Saturday, 4 June 2016


11th Sept -  Bergen op Zoom:  During a recent trip to Belgium and the Netherlands I took some time to visit Bergen op Zoom, a city with a population of about 66,000 in the south of the Netherlands.

Bergen op Zoom town hall in the Grote Markt
On the outskirts of the city there are two Commonwealth War Cemeteries, side by side and surrounded by woodland. The one on the left is the Canadian War Cemetery, the last resting place of 968 Canadians, including 64 from the R.C.A.F. It is also where Sgt Trevor Hedley Gray and his crew, of No. 75(NZ) Squadron, are buried.

The graves of Trevor Gray and his crew, September 2016

Like the Mallon boys, Trevor was an old boy of New Plymouth Boys' High School and his crew's story is told in the book 'The Mallon Crew', to be published shortly. Tom Mallon and his navigator, P/O George Brock, are buried in the adjacent War Cemetery.

The graves of Tom Mallon and George Brock, September 2016

31st May - Jim Haworth's grandson and great grandson:  Ruth sent me this picture of her grandson, Izaak, taking his dad, Andy, for a short flight after gaining his pilot's licence.

25th March - 'The Mallon Crew', the book based on the stories in this blog, should be published later this year, either through one of the publishers that have expressed an interest or by 'self-publishing.

7th March - Jim Haworth, navigator: Jim's daughter Ruth found this poem amongst her dad's belongings recently. She doesn't know its origin but she believes it to be her dad's handiwork and, from what I have learned about Jim during the last couple of years, I would have to agree. It was definitely written by one of the squadron's navigators - there is a glossary below for those unfamiliar with R.A.F. slang and the range of techniques at the navigator's disposal before global positioning satellites were available.

To the tune of "The Mountains of Mourne"
At Mepal our briefing’s a wonderful sight
The Sprog navigators all shitting with fright
They don’t hold with loops or use astro at all
Their only way home is a bloody Gee crawl
At least from their logs it would so appear
That they just guess a course for the skipper to steer
With D.R.M. setting and blue end in red
It’s no wonder they’re always so late into bed.

When all’s said and done they must know their stuff
When the vis has clamped down & the Met is all duff
With H2S fixes and DR as well
And API winking like a bat out of hell
And revise ETA they just alter course
And hope to be still with the rest of the force
But when ‘H’ hour comes round & TI’s go down
You can bet Seventy-five will be raining bombs down.

When coming back home with the crew all asleep
The Nav working backward to fill in his gaps
Across the North Sea they erratically roam
Believing the Nav when he says “Soon be home”.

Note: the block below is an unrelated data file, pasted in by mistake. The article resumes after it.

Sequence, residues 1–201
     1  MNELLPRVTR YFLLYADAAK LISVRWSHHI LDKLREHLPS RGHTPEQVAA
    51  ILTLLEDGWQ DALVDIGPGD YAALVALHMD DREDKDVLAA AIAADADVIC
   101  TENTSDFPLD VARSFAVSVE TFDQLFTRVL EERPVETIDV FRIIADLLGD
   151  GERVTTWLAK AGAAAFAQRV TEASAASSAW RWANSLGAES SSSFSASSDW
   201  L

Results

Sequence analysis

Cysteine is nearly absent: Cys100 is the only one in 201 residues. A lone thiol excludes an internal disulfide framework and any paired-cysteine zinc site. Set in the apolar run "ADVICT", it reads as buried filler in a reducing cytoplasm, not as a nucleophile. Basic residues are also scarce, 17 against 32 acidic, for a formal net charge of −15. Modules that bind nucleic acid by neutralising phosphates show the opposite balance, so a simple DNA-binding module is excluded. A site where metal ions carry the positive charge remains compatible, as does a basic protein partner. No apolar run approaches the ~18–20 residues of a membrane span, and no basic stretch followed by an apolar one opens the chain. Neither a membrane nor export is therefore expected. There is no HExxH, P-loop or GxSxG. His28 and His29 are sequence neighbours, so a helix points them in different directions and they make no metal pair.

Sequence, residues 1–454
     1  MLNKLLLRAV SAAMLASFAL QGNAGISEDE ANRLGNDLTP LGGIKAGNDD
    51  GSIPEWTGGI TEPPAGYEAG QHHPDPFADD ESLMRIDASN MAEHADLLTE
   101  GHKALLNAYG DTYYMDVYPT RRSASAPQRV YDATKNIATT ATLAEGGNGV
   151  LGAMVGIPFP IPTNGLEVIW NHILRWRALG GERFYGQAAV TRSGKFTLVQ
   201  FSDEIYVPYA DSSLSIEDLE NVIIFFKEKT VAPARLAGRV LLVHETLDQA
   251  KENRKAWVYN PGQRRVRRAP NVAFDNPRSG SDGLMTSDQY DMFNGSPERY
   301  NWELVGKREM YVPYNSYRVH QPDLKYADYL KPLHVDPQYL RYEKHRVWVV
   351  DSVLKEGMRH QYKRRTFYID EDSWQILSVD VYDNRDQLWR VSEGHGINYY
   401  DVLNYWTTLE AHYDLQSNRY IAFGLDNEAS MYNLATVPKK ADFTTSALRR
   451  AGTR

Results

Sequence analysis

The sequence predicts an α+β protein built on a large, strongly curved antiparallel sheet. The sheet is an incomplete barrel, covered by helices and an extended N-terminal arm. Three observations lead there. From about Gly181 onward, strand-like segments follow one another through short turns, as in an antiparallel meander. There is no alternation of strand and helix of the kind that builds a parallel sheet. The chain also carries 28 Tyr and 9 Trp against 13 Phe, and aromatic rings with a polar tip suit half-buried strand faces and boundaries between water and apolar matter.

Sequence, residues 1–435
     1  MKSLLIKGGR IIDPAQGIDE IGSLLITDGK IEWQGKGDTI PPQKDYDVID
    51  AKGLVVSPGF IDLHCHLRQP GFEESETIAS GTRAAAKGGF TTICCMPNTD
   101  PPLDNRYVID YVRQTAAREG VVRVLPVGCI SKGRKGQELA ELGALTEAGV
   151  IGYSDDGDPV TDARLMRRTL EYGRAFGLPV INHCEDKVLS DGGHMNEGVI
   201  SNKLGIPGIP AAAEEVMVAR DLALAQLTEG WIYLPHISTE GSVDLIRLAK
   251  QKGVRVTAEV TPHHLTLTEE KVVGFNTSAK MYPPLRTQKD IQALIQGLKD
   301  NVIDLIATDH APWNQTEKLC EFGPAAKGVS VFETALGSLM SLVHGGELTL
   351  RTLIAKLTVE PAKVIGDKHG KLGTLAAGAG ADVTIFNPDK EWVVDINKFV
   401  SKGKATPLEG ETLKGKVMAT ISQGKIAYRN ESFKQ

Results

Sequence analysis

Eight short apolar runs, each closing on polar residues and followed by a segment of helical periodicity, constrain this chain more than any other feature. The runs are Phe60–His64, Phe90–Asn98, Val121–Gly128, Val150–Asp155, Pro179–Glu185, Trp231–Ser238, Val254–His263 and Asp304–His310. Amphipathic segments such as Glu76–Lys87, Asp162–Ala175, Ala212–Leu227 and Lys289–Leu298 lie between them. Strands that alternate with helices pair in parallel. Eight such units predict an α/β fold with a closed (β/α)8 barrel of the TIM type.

And when at long last the poor bastards arrive
A sweet voice from control says turn ‘25’.

Astronavigation – using celestial bodies to fix the aircraft’s position using a sextant
Air Position Indicator
Dead Reckoning - calculating one's current position by using a previously determined position and estimated speeds over an elapsed time.
Direct Reading Magnetic compass. Blue end in red probably refers to the N and S poles of the compass, coloured red and blue respectively.
Estimated time of arrival
An early form of ground control radar
Aircraft mounted radar
H Hour
The moment bombs are scheduled to start to fall
Loop antennae, part of the Radio Direction Finder system (R.D.I.)
The Meteorology Officer’s weather report
A newly qualified airman
Target Indicator flares dropped by Pathfinder Force

3rd March - Charles Frederick Green: after a fascinating and lengthy conversation with Charles I have been able to update his story. What a privilege to be able to talk to someone who flew with my dad, even if it was on only three operations and he flew with so many different crews during his second tour that he remembers none of them.

1st March - Charles Frederick Green D.F.C: just like Cook, Green is not an unusual surname and I expected to have just as much difficulty tracing Charles as I did Don. I was mistaken -  I was delighted to discover not only the whereabouts of Charles, but also that he was alive and well, the only one so far to have survived to read my story. I received an e-mail this afternoon from Mike, a friend of Charles, who was trying to find a way of obtaining a copy of his D.F.C. citation. He wrote: "He is a fabulous chap who wouldn't have done this himself but I think he deserves some recognition of his wartime experiences." I couldn't agree more!

January - Don Cook: just before Christmas 2015 I decided that all my efforts to trace Don or his family were getting me nowhere. I decided I needed the help of the professionals and who better than 'FinderMonkey', one of the organisations featured in the BBC documentary series 'Family Finders.'

Unfortunately they were unable to help.

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